A CEO’s reputation is inextricably linked with their company, often determining public perceptions of the overall brand. Therefore if a CEO’s reputation is put at risk, it can often threaten the image of their brand. How does a CEO’s personal image effect their firm’s reputation?
Sir Phillip Green
As a case study let’s look at Sir Phillip Green – the Chairman of leading British fashion retailer Arcadia Group. Big name brands such as Dorothy Perkins, Burton, Top Shop and previously British Home Stores (BHS) are all owned by Arcadia Group. Before BHS’ downfall he was knighted in 2006 for his charity and retail work. He has recently become the latest high-profile CEO whose image has been subjected to intense public scrutiny.
Green and BHS
In 2015, Green earned widespread condemnation for selling BHS for £1. Under new owner Dominic Chappell, BHS had a bad year and has since come under administration, with 11,000 employees now at risk of losing some, or all, of their pensions. Similarly to Woolworths, BHS attracts public interest because it is a famous, cross-generational, long-standing brand. It generates a lot of jobs and business for local high streets, heightening public interest in BHS’ success.
From 2000 to 2009, Arcadia Group invested £254m into BHS. The group only sold the firm in 2015, following six years of deterioration on BHS’ part. From Green’s perspective he did the right thing, fleeing a sinking ship before it went under. Green sold BHS to Chappell’s Retail Acquisitions, which had already declared bankruptcy three times and is now being wound down. Green and other investors earned millions of pounds during his time as BHS’ owner, as its value declined.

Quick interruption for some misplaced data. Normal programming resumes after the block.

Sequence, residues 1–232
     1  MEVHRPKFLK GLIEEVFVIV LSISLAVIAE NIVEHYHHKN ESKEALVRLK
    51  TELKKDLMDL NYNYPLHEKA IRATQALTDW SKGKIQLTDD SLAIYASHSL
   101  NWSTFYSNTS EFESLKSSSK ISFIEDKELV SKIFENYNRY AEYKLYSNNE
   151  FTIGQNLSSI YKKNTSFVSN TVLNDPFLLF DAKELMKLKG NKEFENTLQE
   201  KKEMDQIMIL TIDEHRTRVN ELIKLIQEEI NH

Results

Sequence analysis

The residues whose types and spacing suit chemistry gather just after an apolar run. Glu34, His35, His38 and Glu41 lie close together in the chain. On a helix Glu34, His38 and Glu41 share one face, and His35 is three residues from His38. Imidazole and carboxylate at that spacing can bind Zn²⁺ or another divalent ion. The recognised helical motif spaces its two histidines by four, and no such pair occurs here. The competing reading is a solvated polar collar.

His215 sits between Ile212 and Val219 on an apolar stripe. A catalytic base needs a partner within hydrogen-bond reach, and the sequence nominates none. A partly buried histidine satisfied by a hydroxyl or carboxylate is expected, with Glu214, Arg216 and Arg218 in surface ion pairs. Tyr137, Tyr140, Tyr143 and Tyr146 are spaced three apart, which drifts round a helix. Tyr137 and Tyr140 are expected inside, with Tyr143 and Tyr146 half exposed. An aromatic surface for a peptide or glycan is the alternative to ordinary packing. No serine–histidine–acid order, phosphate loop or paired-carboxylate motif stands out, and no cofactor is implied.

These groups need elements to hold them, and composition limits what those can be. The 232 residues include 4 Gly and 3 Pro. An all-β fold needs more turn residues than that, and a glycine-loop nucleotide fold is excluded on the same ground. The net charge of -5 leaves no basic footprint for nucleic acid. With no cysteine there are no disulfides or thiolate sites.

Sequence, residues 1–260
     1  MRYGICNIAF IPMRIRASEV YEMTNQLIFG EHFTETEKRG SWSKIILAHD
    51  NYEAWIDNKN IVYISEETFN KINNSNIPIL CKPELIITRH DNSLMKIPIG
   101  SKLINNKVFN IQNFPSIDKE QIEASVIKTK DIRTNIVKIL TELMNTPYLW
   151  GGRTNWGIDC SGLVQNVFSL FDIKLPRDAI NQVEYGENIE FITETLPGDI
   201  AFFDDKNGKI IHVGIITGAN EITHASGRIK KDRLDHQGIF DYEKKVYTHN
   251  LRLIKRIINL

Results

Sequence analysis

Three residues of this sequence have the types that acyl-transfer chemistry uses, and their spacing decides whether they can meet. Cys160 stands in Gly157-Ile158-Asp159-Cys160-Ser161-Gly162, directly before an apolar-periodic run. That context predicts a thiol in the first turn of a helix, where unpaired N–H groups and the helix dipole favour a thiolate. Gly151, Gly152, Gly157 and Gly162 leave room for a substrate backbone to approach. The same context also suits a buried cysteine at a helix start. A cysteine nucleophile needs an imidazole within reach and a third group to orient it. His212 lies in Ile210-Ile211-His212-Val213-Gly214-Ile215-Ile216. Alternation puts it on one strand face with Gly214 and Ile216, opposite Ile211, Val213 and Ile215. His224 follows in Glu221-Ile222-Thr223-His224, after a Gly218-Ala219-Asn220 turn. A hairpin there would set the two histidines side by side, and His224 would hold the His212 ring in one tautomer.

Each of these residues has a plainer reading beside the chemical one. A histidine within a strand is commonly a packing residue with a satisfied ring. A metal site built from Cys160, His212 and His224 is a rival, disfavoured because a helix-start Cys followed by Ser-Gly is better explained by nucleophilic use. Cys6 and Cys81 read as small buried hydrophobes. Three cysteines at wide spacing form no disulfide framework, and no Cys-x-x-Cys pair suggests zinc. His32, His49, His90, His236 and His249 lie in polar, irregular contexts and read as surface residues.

This has put people’s pensions at risk, so the BHS case has become an issue of public interest. It received a hearing in the House of Commons in early June, throughout which Green’s colourful personality shined through. While being questioned, he often interrupted or even spoke over MPs. When proceedings did not go his way, Green’s displeasure visibly showed. He noted that the way one MP was looking at him was “really disturbing,” while also accusing Committee Chairman Iain Wright of being “really rude.”
MPs have openly stated that Green’s good CEO reputation, not to mention his knighthood, now depend on his ability to fulfil his promise to find a solution for BHS’ pension scheme. Releasing a joint statement after the hearing, Iain Wright, Chairman of the Business, Innovation and Skills Committee and Frank Field, Chairman of the Work and Pensions Committee, noted:
“We hope he will come up with an offer that is satisfactory to the Pension Regulator. However, he doesn’t only have to satisfy the Pensions Regulator – he is before the bar of public opinion. Much of his reputation now depends on how generously he responds.” Speaking further, Field commented that “a lot of [Green’s] credibility now rests on a very generous settlement” and that to restore public confidence, a £571m payment would prove incredibly cost-effective for the entrepreneur.
Effect on company image
Green has now apologised for BHS’ collapse, pledging to find a way to address the problems its pension scheme is currently facing. However, the Arcadia Group Chairman has failed to disclose the details of his rescue plan. Despite the ongoing BHS scandal, it is unlikely that the reputation of Green’s other companies will be damaged.
Sir Phillip is not like someone such as Richard Branson, the founder and owner of Virgin. As far as the public is concerned, Branson and Virgin’s images are inextricably linked. Branson is known as a transparent and honest individual, so people associate these ideals with Virgin, because they associate its brand with him. According to Business Zone, Branson’s reputation was valued at £263m in 2013.
This raises questions about whether Green should adhere to pressure to rescue BHS. His other businesses are thriving, so would it be worth it for him to bail out BHS?